DeafWire Edition – 28 May 2022

Weekly DEAFWIRE news recaps
Full DEAFWIRE videos can be seen


Investing in the development of Deaf people

Sorenson Communications, Amazon, and Microsoft are collaborating to support the development of ASL interpreter skills by offering mentoring experience to interpreting students and recent graduates. Experienced interpreters will be the mentors. Participants will experience what it is like to be a professional interpreter at Amazon and Microsoft. They also will get a chance to interpret whilst receiving immediate feedback on their performance.

Ariel Investments announced its acquisition of a majority stake in Sorenson; their first project is “Project Black” which is a strategic initiative to scale sustainable minority-owned businesses. The CEO of Sorenson, Jorge Rodriguez expressed excitement about the collaboration with Amazon and Microsoft to develop the next generation of ASL interpreters, supporting a more diverse and inclusive world.


Deaflympics results

73 countries participated in the 24th Deaflympics that was held in Brazil from May 1st to May 15th. There were 17 different sports and 209 events. At the end of the Deaflympics, Ukraine came in first place with 62 gold medals, 38 silver medals, and 38 bronze medals, totalling to 138 medals; second place was USA with 55 medals, and third place was tied between 4 countries – Israel, Thailand, Sweden, and Serbia with 1 bronze medal each.

H3 World TV sent its anchor and reporter, Memnos Costi and reporter Esther Vinas Olivo to Caxis do Sul, Brazil to cover the event. Videos of various events, ceremonies, and interviews can be found on H3 World TV channels.


New social media subculture, “#DeafTok”

The #DeafTok hashtag has over 1 billion views. TikTok is a social media app centred around short videos. At first, TikTok was not Deaf-friendly but by April 2021, TikTok decided to step up and make the platform more accessible for the Deaf community by adding auto-captions.

A Deaf TikTok creator, Scarlet Watters said she felt that her video “Deaf Ears in a Hearing World” opened people’s eyes to the inaccessibility Deaf users have to face. She also says that #DeafTok brings the Deaf and Hearing worlds together as with this awareness, Deaf people can finally have smoother conversations without barriers, making each other’s lives easier.


Counselor/Academic Advisor
Full Time
National Technical Institute for the Deaf
NTID Counseling & Academic Advising Services

DeafWire: New programs on Mondays & Thursdays!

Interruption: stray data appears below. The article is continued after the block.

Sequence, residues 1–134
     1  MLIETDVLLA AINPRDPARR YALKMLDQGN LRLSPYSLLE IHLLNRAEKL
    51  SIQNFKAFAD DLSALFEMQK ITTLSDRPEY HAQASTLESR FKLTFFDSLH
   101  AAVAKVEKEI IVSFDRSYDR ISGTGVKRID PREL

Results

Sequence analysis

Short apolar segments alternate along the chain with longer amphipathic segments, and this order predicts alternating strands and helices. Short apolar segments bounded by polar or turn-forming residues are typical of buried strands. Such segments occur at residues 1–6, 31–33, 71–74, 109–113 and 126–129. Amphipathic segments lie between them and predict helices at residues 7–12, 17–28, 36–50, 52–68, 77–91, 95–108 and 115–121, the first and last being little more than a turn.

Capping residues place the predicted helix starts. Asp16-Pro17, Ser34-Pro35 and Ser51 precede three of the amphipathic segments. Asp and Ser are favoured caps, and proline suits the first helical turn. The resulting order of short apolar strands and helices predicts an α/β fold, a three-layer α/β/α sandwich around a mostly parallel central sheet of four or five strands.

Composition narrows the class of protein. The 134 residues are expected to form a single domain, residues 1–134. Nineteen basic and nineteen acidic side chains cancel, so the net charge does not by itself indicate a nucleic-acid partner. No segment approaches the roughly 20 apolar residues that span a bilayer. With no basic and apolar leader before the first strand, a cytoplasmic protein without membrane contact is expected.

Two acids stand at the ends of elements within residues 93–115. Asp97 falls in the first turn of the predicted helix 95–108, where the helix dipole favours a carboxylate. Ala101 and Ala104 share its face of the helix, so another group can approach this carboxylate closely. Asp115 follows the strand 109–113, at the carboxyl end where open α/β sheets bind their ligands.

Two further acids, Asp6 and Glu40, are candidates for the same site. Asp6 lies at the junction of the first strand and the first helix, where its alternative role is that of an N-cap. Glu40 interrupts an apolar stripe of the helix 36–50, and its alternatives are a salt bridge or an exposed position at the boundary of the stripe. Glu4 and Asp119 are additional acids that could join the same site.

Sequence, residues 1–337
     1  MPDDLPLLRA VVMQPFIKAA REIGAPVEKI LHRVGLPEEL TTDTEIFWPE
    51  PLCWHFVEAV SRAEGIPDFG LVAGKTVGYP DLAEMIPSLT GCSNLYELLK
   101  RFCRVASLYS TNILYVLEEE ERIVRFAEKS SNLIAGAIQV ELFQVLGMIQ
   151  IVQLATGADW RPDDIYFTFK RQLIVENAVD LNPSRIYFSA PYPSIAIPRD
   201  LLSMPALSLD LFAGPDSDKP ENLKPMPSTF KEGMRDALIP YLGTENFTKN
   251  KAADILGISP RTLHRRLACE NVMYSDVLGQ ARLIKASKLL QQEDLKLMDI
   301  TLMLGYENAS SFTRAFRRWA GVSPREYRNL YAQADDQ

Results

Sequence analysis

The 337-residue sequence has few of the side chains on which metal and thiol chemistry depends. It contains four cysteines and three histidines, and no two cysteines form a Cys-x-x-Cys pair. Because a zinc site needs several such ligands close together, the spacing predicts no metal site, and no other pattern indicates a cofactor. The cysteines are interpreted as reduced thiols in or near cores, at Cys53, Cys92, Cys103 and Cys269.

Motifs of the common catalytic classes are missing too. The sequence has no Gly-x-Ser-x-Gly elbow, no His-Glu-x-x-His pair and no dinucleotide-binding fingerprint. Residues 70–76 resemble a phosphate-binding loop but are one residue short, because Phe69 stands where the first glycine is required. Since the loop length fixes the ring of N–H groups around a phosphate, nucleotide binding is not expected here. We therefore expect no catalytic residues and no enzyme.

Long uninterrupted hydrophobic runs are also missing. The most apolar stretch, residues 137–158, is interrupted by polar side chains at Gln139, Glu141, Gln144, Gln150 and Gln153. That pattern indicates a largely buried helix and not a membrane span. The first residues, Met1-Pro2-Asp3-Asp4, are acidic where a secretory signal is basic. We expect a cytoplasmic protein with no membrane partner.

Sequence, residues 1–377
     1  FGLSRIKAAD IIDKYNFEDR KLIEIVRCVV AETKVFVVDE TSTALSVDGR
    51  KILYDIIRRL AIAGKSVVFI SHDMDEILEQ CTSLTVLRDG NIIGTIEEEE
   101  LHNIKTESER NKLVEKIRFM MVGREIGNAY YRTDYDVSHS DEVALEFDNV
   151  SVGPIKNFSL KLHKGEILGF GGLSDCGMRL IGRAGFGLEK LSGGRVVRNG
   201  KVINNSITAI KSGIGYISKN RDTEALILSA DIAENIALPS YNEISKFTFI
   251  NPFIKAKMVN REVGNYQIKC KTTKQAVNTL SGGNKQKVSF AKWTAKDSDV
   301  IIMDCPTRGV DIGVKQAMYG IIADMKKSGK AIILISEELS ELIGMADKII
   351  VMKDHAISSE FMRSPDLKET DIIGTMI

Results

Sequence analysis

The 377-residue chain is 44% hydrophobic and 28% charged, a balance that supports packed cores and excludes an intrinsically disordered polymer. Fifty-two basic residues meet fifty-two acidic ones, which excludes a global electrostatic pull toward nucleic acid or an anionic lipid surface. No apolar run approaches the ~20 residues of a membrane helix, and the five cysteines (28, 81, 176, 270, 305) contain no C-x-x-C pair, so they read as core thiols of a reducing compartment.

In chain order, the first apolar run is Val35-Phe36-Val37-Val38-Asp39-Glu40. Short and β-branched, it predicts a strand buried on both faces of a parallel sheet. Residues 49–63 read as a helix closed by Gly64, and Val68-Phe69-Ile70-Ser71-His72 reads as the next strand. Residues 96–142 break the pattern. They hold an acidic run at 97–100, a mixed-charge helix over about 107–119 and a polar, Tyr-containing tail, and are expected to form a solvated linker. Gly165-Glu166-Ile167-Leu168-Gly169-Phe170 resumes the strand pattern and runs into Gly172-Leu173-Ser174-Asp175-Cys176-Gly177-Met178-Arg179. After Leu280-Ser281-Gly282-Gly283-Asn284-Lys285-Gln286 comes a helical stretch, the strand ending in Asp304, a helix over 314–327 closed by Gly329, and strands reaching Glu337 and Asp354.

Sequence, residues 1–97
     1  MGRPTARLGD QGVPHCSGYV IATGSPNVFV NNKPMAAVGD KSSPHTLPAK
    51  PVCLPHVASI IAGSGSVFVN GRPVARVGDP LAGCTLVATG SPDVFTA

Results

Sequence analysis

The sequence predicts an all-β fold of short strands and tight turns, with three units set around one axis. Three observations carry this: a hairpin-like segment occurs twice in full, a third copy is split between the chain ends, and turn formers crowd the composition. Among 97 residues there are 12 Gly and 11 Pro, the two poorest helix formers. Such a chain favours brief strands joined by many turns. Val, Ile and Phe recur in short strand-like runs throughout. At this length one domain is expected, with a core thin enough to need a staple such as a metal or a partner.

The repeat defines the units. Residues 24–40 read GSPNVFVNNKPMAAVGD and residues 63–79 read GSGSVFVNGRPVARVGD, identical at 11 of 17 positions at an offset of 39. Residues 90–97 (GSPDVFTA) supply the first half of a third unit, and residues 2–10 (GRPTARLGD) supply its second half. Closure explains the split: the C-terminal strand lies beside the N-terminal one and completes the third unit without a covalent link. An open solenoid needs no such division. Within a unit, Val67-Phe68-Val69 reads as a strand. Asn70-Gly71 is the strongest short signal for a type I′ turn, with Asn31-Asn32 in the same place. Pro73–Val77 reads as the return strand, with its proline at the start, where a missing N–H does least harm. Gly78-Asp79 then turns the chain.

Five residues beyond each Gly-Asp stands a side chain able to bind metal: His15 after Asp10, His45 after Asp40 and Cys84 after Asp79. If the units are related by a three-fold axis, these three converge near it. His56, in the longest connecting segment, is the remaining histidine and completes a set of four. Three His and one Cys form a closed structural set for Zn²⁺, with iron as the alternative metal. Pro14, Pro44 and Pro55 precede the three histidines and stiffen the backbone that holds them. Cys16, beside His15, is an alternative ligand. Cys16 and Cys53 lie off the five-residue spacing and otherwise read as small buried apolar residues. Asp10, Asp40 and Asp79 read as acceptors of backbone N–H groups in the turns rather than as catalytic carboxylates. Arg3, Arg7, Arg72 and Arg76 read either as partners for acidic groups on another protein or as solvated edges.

H3 World TV:
TV programs for Global Deaf audiences

Go to DeafWire


Cinema association criticised

The UK celebrated Deaf Awareness week from May 2nd to 8th. The UK Cinema Association (UKCA) arranged for their movie screenings to be captioned for that week. Deaf people in the UK were disappointed that the captioning feature in theatres was only temporary and the UKCA has no plans of making it permanent.

The Deputy Director of National Deaf Children’s Society said, “Deaf Awareness Week is about celebrating deaf people and highlighting the issues they face. It’s not an opportunity for large cinema chains to pay lip service to accessibility with publicity-seeking gimmicks. Real equality is permanent, not temporary, and there’s still no clear plan to increase subtitling long term.”


Counsellor helps reunite Deaf couple

A Deaf married couple in India got into a heated argument that led to the wife walking out of the house, leaving her phone behind, and she headed to the railway station. A concerned onlooker saw her crying and contacted the Abhayam Gujarat 181 helpline. When the counsellors arrived, they struggled to communicate with the woman.

Police officers showed up to assist the counsellors in helping the wife. Four hours later, the police were able to get ahold of her husband; he immediately showed up at the railway station and his wife was not happy to see him. It took some convincing for her to agree to go home with him.


Deaf indigenous dance group

Deaf Indigenous Dance Group (DIDG) in Australia created a safe space for Deaf indigenous people to celebrate their culture with dances, to communicate freely, and to pay respects to elders, past and present.

DIDG practices their dancing on a wooden stage so they can feel the vibration of the drums and tapping of the sticks. They’ve performed at several events such as the National Aborigines and Islanders Day Observance Committee week. This was an opportunity to acknowledge the lived experiences, centuries of resilience, and ongoing contributions of Aboriginal and Torres Strait Islander peoples.

Copyright © 2024 - DeafDigest. All Rights Reserved.